14 Ridgedale Avenue, Suite 254
Cedar Knolls, NJ 07927

Morris County Joint Property Ownership and Probate Attorney

In Morris County and all of New Jersey, real property that is owned jointly (also known as joint property ownership) need not be probated. However, disputes often arise among beneficiaries who are entitled to a distribution of real property from a loved one’s estate. The best way to resolve these disputes is to work with an experienced probate lawyer.

At E.A. Goodman Law, LLC, we regularly advise clients about probate and estate administration proceedings. We know that administering an estate can be complicated when disputes arise over the distribution of joint property, such as a family home. While disputes involving joint property ownership and probate can often be resolved through negotiations, we have the skills and experience to litigate partition actions.  

Our experienced probate attorney represents executors, trust administrators, and beneficiaries and works to ensure their interests are protected. Once you become our client, you will have comfort knowing that you will receive compassionate, efficient representation and dependable service. Contact our Morristown office today to get started.

Morris County Probate Attorney Representing Clients in Partition Actions for Joint Property Ownership

Under New Jersey Law, more than one person is allowed to own property. Co-ownership of property is common when:

  • Spouses jointly own a home
  • Business partners purchase property
  • Family members are beneficiaries of real estate in a will or trust

When it comes to probating an estate, what happens when beneficiaries disagree about what to do with the property? In some cases, it may be possible for the co-owners to sell the property and divide the proceeds according to the distribution plan specified in the will. 

However, disputes can be more difficult to resolve when the beneficiaries are siblings. A sister or brother may have sentimental attachments to the family home or be overwhelmed by the process while grieving the loss of a parent. Regardless of the circumstances, when owners cannot agree about what to do with joint property, it may be necessary to pursue a partition action.  

What is a partition action? 

In short, a partition action is a legal proceeding in which the probate court determines how to dispose of real property when the beneficiaries cannot agree about what to do with it. The beneficiary of an undivided interest can ask the court to sell or divide the property. The court will make determinations about:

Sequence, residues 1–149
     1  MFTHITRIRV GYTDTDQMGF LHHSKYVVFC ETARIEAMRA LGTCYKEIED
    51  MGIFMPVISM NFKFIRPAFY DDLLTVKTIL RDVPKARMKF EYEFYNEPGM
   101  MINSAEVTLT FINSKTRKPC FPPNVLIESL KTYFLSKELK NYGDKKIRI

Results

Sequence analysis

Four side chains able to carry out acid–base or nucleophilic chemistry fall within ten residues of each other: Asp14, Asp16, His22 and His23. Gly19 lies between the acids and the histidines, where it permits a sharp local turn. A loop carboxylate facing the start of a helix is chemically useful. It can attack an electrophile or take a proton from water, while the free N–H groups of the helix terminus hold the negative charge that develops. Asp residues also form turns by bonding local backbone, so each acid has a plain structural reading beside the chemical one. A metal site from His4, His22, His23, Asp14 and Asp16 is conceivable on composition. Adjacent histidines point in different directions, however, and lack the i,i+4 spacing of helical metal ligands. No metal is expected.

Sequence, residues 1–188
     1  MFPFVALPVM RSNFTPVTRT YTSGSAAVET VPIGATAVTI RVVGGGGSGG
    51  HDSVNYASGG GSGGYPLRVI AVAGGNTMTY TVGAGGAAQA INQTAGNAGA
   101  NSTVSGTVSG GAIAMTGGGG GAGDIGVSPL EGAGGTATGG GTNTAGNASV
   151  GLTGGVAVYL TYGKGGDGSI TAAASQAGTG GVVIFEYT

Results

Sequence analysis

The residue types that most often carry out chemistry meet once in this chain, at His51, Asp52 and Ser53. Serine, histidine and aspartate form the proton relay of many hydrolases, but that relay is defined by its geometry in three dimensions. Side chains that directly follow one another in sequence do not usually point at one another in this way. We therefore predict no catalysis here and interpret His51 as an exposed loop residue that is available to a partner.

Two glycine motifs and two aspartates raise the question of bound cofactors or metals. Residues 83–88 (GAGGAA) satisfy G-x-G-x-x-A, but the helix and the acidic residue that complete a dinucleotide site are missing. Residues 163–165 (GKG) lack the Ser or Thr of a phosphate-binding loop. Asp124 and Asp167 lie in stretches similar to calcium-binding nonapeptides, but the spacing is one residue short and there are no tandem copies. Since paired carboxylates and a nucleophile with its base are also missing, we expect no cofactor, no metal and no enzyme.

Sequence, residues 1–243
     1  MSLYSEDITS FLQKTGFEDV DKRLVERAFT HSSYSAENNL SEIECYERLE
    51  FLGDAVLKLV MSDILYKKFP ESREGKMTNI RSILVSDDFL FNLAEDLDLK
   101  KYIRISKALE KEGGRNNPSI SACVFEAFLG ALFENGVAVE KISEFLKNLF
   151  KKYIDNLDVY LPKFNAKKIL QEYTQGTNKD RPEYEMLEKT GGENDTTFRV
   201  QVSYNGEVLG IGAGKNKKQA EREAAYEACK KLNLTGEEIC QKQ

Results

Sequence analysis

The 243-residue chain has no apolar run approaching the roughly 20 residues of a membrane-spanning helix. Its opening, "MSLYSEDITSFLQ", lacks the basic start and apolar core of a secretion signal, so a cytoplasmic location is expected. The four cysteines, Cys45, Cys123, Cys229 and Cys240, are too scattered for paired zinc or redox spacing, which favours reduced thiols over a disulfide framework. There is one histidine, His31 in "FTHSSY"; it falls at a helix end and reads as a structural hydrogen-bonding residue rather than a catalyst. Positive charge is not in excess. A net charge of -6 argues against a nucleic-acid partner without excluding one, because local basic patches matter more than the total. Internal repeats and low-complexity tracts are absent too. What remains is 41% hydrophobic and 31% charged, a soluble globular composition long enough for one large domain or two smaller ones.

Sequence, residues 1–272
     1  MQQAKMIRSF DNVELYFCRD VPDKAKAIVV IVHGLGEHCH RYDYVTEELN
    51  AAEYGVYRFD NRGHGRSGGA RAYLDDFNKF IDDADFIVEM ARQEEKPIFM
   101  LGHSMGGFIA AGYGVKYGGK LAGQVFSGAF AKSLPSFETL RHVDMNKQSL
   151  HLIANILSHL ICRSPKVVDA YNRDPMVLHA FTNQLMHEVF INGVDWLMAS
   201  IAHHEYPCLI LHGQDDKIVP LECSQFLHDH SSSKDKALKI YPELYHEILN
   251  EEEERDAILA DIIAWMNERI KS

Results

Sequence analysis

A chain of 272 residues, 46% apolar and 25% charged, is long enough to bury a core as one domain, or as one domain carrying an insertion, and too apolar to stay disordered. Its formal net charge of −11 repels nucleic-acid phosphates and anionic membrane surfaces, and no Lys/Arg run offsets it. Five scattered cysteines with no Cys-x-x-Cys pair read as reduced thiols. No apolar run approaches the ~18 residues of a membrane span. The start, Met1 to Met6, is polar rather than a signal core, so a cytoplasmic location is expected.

• The property value
  • Buyouts
  • The sale of the property

While the court may divide undeveloped property according to each party’s ownership share, property that cannot be divided, such as a home or condo, must be sold. The proceeds will then be divided equitably based on each beneficiary’s share in the home or property. In other words, a partition action is a way to force a sale of real property. 

A partition action can be brought as part of a probate proceeding provided that the case has been opened. If probate has not been opened or the case has already closed, a separate lawsuit can also be filed. Ultimately, the court oversees partition actions according to the Uniform Partition Heirs Property Act. 

Types of Partition Actions for Joint Property Ownership Probate

There are two types of partition actions – partition in kind and partition by sale: 

Partition in Kind

If beneficiaries have interests in land that can be easily divided, a partition in kind divides the property’s boundary lines and distributes equitable parcels to each beneficiary. 

Partition by Sale 

If beneficiaries cannot agree about what to do with real property such as a home or condo, a partition by sale may be necessary. The court oversees the sale of the property and the division of the proceeds. In some cases, a voluntary partition can be accomplished through the mediation process.

Why Choose Morris County Attorneys at E.A. Goodman?

We understand that the emotional burden of grieving the loss of a parent or loved one can complicate decisions about what to do with inherited property. Trust our capable probate attorney to listen to your concerns and help you make informed decisions. While we encourage our clients to work out voluntary partitions, our probate attorney is highly experienced in litigating partition actions. Rest assured, we will protect your inheritance and property rights in and out of the courtroom. 

Contact Our Experienced New Jersey Probate Lawyers

If you have questions about Morris County joint property ownership and probate or you are involved in a dispute over property inherited through a will or trust, turn to E.A. Goodman Law, LLC. We are not only highly skilled trust, estate, and property attorneys, but compassionate people who will always work in your best interests. Contact us today for a consultation.